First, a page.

Conversations with my Son: Rap, Rhyme and Reason

My son has always been a bit of a deep thinker when it comes to world affairs. As a matter of fact, we could talk for hours on end about pretty much anything…as long as it didn’t relate to him personally. There was always an understood wall guarding that part of him.

Yesterday, this conversation took place…

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Rap Communication

I had no idea that my son was “free-styling” every night before he slept and probably throughout the day. The other night, he decided to type his thoughts into his phone. He’s never done that. He said that as he was sitting there, the words kept coming and he had no choice but to write them down. He said that writing felt like the right thing to do. He could focus more as he typed words into his screen. (apparently paper and pencil is not a thing)

musicWhat my son did was bigger than what he even realized. Growing up, rap held such a negative connotation in our home. My brother wrote songs and rapped but his life was filled with so much negativity, that rap music often carried the blame. If we knew then what we know now, I imagine that our approach to my brother’s music would have been vastly different. The pain of our lives…his life…was deeply intertwined in his music and we didn’t listen. I regret that.

For my parents, it was easier to blame the music than to look at the truth of what was happening. I wouldn’t make that same mistake.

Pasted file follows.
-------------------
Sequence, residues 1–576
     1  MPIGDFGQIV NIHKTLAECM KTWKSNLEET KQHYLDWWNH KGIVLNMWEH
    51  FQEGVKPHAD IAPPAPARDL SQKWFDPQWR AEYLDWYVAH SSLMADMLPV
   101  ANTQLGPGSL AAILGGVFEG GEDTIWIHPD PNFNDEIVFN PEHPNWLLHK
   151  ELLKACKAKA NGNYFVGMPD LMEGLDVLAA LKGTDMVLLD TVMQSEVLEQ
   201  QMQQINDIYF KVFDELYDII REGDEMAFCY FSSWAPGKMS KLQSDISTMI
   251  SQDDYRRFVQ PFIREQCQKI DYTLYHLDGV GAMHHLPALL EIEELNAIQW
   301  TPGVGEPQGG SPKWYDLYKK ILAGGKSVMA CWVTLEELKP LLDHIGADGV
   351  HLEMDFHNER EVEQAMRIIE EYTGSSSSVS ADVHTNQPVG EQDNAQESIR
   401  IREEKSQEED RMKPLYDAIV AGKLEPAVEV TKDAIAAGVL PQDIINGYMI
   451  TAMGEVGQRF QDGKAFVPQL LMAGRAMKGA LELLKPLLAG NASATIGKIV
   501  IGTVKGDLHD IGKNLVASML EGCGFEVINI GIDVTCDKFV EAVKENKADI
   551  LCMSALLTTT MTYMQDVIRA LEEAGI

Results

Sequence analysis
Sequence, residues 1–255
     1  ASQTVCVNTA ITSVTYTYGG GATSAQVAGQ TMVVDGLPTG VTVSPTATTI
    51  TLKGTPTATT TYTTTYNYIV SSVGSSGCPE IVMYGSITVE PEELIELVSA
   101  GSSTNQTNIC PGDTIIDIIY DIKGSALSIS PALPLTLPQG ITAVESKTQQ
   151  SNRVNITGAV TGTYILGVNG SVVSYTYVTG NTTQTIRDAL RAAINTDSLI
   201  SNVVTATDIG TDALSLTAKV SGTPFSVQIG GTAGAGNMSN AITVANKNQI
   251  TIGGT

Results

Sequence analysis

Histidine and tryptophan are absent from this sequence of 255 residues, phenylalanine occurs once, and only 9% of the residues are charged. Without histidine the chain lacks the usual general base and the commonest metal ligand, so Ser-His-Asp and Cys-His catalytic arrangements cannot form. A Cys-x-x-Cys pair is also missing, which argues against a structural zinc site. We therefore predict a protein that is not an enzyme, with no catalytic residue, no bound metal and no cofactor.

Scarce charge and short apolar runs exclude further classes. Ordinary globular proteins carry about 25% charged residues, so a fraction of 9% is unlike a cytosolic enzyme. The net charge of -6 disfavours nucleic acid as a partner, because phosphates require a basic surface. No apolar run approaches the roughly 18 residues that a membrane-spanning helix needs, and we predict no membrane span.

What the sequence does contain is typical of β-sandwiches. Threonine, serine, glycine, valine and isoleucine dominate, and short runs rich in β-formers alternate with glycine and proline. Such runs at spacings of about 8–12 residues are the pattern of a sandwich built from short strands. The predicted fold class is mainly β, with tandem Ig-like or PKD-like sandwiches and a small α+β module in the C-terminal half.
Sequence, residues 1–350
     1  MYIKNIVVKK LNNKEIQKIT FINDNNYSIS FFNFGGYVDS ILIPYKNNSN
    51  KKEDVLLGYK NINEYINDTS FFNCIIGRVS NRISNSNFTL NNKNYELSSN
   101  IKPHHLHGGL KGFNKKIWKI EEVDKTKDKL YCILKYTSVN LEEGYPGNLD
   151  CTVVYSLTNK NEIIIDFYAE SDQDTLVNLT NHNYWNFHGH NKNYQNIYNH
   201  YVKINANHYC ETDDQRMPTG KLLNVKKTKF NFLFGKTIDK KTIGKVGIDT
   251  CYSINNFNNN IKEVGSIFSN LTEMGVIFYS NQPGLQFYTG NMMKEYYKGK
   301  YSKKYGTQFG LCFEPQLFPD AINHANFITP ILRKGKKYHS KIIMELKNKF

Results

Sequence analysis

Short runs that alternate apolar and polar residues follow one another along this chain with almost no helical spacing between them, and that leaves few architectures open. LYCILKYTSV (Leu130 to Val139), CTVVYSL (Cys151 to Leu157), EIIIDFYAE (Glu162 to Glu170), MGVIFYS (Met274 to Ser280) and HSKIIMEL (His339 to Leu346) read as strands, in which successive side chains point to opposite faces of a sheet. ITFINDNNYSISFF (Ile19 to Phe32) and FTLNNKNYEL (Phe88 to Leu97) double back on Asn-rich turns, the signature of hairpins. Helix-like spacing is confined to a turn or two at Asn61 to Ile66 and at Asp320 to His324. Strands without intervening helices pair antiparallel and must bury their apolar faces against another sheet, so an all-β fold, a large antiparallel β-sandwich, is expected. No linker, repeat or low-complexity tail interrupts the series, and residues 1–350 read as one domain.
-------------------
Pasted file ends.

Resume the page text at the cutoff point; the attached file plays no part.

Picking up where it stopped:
So when my son sent that text message announcing that he had written a verse, I felt nothing less than the need to hear what he had to say.

He wrote…

“I remember late nights talkin to granny about life. Bout how I was doin mama wrong when dad wasn’t treatin her right.

How I ain’t been to church in a while and I needa see tha light. Steady arguin wit dad bout it but it ain’t worth tha fight.

Seein momma struggle man that was the final strike. That sparked somthin in me man it made my heart tight.

They say the sky is the limit but I’m tryna reach new heights. Hopin that I make it, motivate me more when people say I might.

Nowadays you looked down on if you ain’t white.

But it’s been like that forever it’s been like that forever. Been feelin sick lately but I gotta get it together. So I can get my momma a new roof for that bad weather.”

In one verse, I understood my son more than I had in months. This wasn’t just about artistic expression. This was him channeling his emotions into rhymes and rhythms.

I wouldn’t make the mistakes that we did with my brother. As difficult as even the rest of his piece was to hear, I needed to know.

My son sent me the rest of his work…his heart in rap. In two verses, he was dealing with not only the pressures of growing up but also how the divorce and tumultuous life that we lived prior… bothered him.

I promised him that I wouldn’t share the rest of his words but I will say that somewhere in the craziness of adult actions was a teenage boy trying to figure out his place in life and how to handle the pressures of being him.

There is a rhyme and reason to this moment and it’s wrapped in a cloak of words with rhythm.

My son would go on to ask me what I thought about his work. My reply was that I was deeply touched and that I loved it. His reply, as simple as it sounded, also carried so much meaning…

“Thank you mom. That means so much hearing you say that”

He’s talking…I’m listening…

(On another note, I’m glad that my son has my brother to help him understand how to manipulate his words. This was the first real connection that they’ve had and they both needed that.)

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